Letters to Juliet
“My dearest Amanda, please lift your restraining order …”

Theatrical Release Date: 5/14/2010
Director: Gary Winick
Cast: Amanda Seyfried, Vanessa Redgrave, Christopher Egan, Gael García Bernal, Franco Nero, Oliver Platt

Italy. A country full of passion and romance. Setting a romantic film in the city of Verona is hardly rocket surgery and is a surefire way to ensure that half of the audience will be in love with the project before the opening credits end.

Such is the way of “Letters to Juliet”, another entry in the romantic comedy genre that has many women swooning and many men wondering how they can avoid being honor bound to escort their sweetie pie.

This go around, Amanda Seyfried is an aspiring writer engaged to aspiring chef Gael García Bernal. On a vacation to Italy, she discovers the house of Juliet, where love stricken individuals gather to write letters to the famed heroine. As it happens, a group of women actually write back to those in need of a response and Seyfried takes it upon herself to reply to a 50 year old letter filled with longing and regret. This brings Vanessa Redgrave and her grandson Christopher Egan into the picture. The three join forces to track down Redgrave’s lost love and if you can’t figure out where it’s going from this paragraph, may I recommend skipping “The Usual Suspects”.

There are no grand tricks in the film and any “twists” are of the familiar and cliché kind. Still, while I might normally dismiss a picture so devoid of originality, the performances save the day. Okay, so Egan is bland and I won’t be sorry to never see him again but Amanda Seyfried and Vanessa Redgrave elevate the trite script into something truly romantic and sweet.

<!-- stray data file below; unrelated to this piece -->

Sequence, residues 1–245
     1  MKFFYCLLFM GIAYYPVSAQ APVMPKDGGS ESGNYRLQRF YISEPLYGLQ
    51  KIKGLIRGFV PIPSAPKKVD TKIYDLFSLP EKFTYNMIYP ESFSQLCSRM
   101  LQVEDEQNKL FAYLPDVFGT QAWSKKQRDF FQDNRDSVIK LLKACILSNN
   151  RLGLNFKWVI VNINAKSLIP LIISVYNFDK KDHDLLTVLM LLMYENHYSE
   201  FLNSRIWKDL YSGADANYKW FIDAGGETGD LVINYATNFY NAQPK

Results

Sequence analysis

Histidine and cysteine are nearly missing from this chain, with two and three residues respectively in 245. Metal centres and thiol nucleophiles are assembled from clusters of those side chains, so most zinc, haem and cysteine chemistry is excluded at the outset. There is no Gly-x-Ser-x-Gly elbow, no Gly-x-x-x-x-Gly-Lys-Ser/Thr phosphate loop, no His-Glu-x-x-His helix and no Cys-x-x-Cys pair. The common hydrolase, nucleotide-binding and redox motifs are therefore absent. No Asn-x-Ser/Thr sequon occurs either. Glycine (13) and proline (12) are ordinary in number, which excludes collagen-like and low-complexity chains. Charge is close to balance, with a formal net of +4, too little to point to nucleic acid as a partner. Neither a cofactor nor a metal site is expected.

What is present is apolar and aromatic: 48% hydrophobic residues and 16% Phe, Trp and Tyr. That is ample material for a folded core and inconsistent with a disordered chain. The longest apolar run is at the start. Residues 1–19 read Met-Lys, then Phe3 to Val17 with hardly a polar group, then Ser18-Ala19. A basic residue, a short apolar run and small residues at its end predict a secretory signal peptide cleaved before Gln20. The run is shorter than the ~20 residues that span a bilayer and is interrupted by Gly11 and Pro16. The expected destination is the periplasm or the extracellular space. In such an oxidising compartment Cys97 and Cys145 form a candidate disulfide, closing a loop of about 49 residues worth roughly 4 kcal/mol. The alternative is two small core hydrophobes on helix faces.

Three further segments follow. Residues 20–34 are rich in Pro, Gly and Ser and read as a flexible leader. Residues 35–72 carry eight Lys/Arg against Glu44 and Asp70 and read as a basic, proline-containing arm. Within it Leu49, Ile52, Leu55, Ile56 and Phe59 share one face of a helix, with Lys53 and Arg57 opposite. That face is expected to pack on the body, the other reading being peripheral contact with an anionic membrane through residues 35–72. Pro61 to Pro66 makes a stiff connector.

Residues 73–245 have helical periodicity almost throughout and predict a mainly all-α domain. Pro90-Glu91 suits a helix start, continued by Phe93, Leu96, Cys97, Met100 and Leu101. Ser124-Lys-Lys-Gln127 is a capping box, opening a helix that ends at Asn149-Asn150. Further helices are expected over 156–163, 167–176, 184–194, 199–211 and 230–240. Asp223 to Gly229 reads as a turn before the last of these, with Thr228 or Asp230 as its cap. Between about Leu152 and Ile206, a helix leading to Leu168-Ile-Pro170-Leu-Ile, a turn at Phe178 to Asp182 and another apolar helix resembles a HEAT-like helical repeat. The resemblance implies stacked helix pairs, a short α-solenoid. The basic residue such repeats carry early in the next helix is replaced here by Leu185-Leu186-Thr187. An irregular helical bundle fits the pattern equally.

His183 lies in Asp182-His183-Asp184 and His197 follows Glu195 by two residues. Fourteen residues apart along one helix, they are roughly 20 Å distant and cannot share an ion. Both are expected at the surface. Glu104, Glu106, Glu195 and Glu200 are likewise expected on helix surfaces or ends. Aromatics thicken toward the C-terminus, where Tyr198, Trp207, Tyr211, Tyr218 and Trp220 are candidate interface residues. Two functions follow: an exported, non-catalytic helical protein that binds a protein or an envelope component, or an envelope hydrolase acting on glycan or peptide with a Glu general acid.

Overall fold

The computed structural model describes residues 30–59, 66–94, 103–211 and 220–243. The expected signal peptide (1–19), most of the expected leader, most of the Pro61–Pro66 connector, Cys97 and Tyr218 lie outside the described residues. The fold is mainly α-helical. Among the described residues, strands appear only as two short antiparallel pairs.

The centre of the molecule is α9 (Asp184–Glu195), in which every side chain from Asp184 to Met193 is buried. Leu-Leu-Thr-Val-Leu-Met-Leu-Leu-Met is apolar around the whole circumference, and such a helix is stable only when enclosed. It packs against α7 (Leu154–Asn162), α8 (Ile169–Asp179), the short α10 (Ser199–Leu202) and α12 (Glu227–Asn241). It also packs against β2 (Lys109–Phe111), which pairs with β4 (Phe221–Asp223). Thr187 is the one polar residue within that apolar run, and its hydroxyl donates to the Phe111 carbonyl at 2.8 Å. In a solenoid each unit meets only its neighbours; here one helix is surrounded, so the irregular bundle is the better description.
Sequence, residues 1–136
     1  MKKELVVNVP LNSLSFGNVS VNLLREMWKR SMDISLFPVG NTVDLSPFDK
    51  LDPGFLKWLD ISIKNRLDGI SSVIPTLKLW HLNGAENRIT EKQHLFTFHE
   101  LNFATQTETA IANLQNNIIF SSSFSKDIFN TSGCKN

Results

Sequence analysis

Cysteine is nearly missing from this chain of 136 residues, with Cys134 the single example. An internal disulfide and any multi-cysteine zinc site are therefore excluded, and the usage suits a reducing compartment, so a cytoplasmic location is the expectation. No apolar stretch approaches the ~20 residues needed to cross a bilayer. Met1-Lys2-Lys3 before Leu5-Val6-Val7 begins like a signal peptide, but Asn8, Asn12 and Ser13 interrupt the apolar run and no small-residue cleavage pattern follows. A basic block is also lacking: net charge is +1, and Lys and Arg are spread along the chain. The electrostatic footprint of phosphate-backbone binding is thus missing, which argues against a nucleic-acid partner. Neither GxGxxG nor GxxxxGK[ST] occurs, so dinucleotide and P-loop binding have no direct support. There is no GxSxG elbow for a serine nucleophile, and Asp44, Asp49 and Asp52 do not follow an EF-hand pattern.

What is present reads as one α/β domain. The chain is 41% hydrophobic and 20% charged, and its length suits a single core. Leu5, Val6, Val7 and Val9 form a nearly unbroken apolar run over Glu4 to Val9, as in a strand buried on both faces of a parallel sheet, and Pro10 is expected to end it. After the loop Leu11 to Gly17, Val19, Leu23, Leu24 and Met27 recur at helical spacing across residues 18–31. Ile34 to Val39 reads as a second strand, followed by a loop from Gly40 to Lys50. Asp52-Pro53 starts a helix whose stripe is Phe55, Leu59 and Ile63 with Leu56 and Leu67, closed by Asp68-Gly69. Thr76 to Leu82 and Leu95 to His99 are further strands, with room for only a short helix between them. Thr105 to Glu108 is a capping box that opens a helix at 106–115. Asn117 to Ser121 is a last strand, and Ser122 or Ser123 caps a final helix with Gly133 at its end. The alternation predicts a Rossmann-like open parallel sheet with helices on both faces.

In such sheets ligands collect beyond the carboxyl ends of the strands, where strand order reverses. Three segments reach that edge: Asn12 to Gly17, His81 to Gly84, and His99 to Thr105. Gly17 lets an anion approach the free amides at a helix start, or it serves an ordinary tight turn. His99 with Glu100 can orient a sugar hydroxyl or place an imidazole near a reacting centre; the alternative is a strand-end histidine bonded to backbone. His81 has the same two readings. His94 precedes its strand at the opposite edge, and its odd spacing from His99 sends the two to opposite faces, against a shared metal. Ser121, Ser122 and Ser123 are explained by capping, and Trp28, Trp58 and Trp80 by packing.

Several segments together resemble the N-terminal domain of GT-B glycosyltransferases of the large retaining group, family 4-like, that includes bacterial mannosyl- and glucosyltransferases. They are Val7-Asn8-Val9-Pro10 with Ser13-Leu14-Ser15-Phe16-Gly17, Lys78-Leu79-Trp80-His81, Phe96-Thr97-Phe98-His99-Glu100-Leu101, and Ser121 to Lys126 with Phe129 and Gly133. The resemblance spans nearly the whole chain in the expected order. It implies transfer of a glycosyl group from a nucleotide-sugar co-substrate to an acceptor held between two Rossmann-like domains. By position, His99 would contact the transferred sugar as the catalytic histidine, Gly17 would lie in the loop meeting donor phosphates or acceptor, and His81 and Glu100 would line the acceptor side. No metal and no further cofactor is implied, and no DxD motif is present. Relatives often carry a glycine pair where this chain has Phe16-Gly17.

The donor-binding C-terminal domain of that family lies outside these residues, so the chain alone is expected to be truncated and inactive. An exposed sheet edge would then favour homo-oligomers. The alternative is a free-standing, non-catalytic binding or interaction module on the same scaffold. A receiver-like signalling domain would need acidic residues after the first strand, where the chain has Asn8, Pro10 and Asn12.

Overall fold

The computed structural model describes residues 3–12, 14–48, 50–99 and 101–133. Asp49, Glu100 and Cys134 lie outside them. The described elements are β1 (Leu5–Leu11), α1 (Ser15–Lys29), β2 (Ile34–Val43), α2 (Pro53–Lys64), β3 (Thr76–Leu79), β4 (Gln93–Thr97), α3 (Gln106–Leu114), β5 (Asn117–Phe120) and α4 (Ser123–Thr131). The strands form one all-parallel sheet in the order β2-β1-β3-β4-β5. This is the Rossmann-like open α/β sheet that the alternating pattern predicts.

Seyfried has been enjoying greater exposure of late, parlaying her breakthrough in “Mamma Mia!” into features which drop the spotlight on the young actress (and while most have been a bit of fluff, her turn in “Chloe” should hopefully help her get juicier roles). Here, she embodies the young, innocent lover we all were at some point in our lives and is perfectly suited to being the protégé of Redgrave.

While not really the central focus of it all, Redgrave is the star of the show, pulling the strings behind the scenes and keeping the film vibrant and heart warming. Her maternal instincts, coupled with a lust for life, make for worthwhile entertainment and justify the hard earned money people will plop down to see this film.

Director Gary Winick has yet to impress me and this go around doesn’t necessarily change my mind, as all of the plot elements are pushed at the audience like an unnecessary warranty on a $100 DVD player. He does, however, manage to stay out of the camera’s way and depict the beauty of the Italian countryside and while it would have been nice to get a more intimate portrait of the cityscapes, this film will still be sure to inspire a few romantic getaways.

Does “Letters to Juliet” do anything innovative or remarkable? No, not really. Still, its formulaic nature is comforting and acceptable because of Redgrave and Seyfried, earning the film a 3 out of 5. An unabashed chick flick, many guys may have to be dragged into the theater but try not to think of it as a chore but rather, a chance to reignite any embers that have lost their smoldering edge over the years.